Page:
In Villarreal, the plaintiffs, mineral estate owners, sued Grant Geophysical, a company collecting three-dimensional seismic survey data.33 Grant had obtained permission from both surface and mineral estate owners prior to collecting data.34 The Villarreals, however, declined to grant permission to survey their mineral estate.35 Accordingly, the survey was reconfigured to avoid unpermitted areas.36 Grant also took steps to delete information about the Villarreals' tract from data sets provided to third parties.37 Nevertheless, it was unavoidable that the seismic testing would capture some information about the Villarreals' mineral estate.38 Treating this as an invasion of their property, the Villarreals filed suit, claiming that Texas law recognizes subsurface trespass in the oil and gas context and that seismic testing of a mineral estate constitutes subsurface trespass.39 The court declined to so hold absent evidence of physical invasion of at least some of the surface estate.40 Thus, there was no trespass.

In reaching this conclusion, the court relied on the precedent set by Kennedy v. General Geophysical Company.41 In Kennedy, the surface owner sued for an alleged trespass in the form of vibrations caused by explosions of dynamite in conducting geophysical operations in close proximity to his property.42 Following a bench trial, the court concluded that there was no evidence of any trespass on the plaintiff's land and no evidence of any damage to the physical structure either of the surface or the subsurface thereunder.43 Vibrations themselves were insufficient to give rise to a trespass. "Trespass may [ ] be committed by shooting onto or over the land, by explosions, by throwing inflammable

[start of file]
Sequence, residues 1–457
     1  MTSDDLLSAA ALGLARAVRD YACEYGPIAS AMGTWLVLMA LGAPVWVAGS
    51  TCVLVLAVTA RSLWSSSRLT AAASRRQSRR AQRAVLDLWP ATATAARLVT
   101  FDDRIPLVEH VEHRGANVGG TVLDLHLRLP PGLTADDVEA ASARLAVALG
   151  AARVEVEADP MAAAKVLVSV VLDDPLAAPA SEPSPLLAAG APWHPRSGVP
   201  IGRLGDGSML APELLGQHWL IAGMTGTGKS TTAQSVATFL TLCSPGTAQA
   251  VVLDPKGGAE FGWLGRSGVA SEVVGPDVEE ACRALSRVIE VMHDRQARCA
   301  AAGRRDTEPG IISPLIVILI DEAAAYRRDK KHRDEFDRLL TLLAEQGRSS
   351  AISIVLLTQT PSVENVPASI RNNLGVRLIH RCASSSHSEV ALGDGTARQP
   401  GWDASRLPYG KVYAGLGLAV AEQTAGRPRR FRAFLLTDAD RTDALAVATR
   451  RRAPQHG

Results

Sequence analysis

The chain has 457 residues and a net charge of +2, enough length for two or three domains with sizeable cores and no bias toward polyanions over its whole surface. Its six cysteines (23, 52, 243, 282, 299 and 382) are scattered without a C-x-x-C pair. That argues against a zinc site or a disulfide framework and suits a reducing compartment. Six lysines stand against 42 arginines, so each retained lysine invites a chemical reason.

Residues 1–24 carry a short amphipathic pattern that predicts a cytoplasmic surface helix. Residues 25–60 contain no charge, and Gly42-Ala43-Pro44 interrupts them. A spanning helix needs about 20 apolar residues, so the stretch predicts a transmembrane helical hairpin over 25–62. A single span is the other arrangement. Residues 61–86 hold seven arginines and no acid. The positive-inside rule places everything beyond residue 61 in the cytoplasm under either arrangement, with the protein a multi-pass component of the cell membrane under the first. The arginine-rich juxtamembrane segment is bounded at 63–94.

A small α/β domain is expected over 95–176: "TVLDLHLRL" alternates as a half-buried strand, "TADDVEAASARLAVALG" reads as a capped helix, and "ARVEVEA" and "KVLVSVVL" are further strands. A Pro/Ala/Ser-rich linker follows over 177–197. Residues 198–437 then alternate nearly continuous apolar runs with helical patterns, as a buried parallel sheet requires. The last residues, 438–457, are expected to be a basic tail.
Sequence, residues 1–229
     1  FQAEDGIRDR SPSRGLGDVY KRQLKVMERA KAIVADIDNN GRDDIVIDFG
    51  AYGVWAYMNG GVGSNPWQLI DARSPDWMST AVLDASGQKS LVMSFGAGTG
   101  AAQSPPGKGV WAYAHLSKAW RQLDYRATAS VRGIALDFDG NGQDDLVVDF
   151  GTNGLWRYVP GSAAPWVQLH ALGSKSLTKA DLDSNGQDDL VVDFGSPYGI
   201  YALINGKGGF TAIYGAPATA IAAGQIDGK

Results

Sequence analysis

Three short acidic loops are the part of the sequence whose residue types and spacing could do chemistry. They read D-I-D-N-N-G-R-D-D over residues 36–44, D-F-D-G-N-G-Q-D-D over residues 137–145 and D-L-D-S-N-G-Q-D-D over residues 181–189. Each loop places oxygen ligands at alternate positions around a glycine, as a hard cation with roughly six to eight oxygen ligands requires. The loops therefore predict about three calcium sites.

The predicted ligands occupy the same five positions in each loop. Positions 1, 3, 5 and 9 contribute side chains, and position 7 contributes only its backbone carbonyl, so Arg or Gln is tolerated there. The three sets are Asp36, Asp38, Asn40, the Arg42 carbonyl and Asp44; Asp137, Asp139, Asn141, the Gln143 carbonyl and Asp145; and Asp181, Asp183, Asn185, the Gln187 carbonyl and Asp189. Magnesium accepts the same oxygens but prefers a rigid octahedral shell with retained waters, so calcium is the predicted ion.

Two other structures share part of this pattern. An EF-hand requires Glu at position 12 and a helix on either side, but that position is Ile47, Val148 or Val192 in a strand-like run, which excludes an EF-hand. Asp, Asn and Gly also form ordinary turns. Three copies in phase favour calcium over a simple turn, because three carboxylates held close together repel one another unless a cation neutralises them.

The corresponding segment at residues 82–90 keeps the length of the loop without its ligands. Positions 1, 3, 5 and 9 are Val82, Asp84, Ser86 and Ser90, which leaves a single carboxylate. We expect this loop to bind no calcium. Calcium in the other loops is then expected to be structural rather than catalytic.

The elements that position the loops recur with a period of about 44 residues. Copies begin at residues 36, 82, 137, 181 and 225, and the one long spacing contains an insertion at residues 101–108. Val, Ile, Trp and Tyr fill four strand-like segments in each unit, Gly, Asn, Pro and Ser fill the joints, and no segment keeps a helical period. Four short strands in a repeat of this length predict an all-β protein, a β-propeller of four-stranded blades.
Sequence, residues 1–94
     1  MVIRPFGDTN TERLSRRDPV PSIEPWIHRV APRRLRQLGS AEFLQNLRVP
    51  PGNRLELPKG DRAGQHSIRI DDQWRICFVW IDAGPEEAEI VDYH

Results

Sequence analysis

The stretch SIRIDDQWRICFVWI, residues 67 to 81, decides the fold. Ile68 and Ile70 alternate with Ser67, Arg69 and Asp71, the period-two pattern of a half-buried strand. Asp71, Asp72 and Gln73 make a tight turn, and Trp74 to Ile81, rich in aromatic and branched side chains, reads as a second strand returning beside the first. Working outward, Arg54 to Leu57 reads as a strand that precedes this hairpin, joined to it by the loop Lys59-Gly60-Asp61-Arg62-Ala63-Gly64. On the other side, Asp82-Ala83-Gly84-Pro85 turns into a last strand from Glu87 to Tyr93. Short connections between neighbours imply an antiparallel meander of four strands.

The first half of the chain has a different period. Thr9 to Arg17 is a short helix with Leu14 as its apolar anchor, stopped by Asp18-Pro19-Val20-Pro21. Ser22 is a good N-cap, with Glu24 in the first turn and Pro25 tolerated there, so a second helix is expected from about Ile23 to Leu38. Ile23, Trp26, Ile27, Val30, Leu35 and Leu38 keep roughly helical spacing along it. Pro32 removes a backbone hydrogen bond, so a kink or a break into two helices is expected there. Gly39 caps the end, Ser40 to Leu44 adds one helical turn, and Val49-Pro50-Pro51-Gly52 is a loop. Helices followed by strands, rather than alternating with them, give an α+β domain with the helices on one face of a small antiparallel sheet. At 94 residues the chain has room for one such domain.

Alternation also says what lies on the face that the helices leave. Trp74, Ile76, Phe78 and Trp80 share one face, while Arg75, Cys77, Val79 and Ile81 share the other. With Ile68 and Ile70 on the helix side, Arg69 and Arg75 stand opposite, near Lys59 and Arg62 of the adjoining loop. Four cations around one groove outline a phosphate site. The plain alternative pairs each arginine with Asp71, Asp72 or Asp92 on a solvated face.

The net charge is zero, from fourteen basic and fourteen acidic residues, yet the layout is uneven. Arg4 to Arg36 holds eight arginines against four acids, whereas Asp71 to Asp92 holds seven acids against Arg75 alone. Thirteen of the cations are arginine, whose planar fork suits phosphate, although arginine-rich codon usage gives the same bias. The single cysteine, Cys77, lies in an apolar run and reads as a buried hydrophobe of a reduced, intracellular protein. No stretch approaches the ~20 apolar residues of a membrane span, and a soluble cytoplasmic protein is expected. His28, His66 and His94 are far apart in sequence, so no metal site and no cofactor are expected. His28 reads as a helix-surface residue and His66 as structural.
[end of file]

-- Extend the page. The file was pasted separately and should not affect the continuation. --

1951, writ ref'd n.r.e.). 32 Villarreal, 136 S.W.3d at 270. 33 Id. at 267. 34 Id. 35 Id. 36 Id. 37 Id. at 267-68. 38 Id. at 267. 39 Id. at 268. 40 Id. at 270. 41 213 S.W.2d 707 (Tex. Civ. App. Galveston 1948, writ ref'd n.r.e.). 42 Id. at 708. 43 Id. at 709.

substances, by blasting operations, by discharging soot and carbon, but not by mere vibrations."44

The court further found that the record supported the trial court's findings that the geophysical surveyors were not negligent in their operations; on no occasion did the surveyors set up a receiving set so near the plaintiff's land that a straight line drawn on the surface of the ground from the one shot-point from which waves were to be received by the receiving set crossed any part of the plaintiff's land.45 Based on these findings, the court affirmed the judgment of the trial court and denied the plaintiff's request for relief.46

B. The taking of information

In certain situations, the information gathered about the subsurface of a tract is highly valuable if the owner is able to keep it secret. Thus, oil companies famously "tight-hole" the results of drilling, logging and testing an initial exploration well in an area. Some even regard their modeling of hydraulic fracturing work as commercially sensitive. So the owner of Tract B might feel it beneficial not to allow the geophysical surveyor to develop information about B's subsurface. Is the unpermitted gathering of information about an owner's subsurface a trespass?

In Texas, Villarreal holds it is not. Compare this with the position taken by the Fifth Circuit in Phillips Petroleum Co. v. Cowden47 (Cowden I) and Phillips Petroleum Co. v. Cowden48 (Cowden II), which took a more protective stance.49 In that series of appeals, the court held that "the mineral estate owner may sue a geophysical trespasser for trespass on the mineral estate as a result of a reflection seismography survey on lands containing the estate" and "permission obtained from the owner of the surface rights only could not authorize the trespass."50 The court in Villarreal distinguishes these cases on the grounds that Cowden involved a physical use of the surface overlying the mineral estate, whereas no such use was made of the surface above the Villarreals' mineral estate.

44 Id. at 711. 45 Id. at 713. 46 Id. 47 241 F.2d 586 (5th Cir. 1957). 48 256 F.2d 408 (5th Cir. 1958). 49 See, e.g., Cowden I, 241 F.2d at 590 ("There can be no doubt that in Texas the right to explore for oil and minerals is a valuable property right that can be legally protected."). 50 256 F.2d 408, 409 (5th Cir. 1958).


C. Damage to subsurface improvements

In the event of injury to a surface or subsurface improvement, a property owner may have a claim for geophysical trespass.51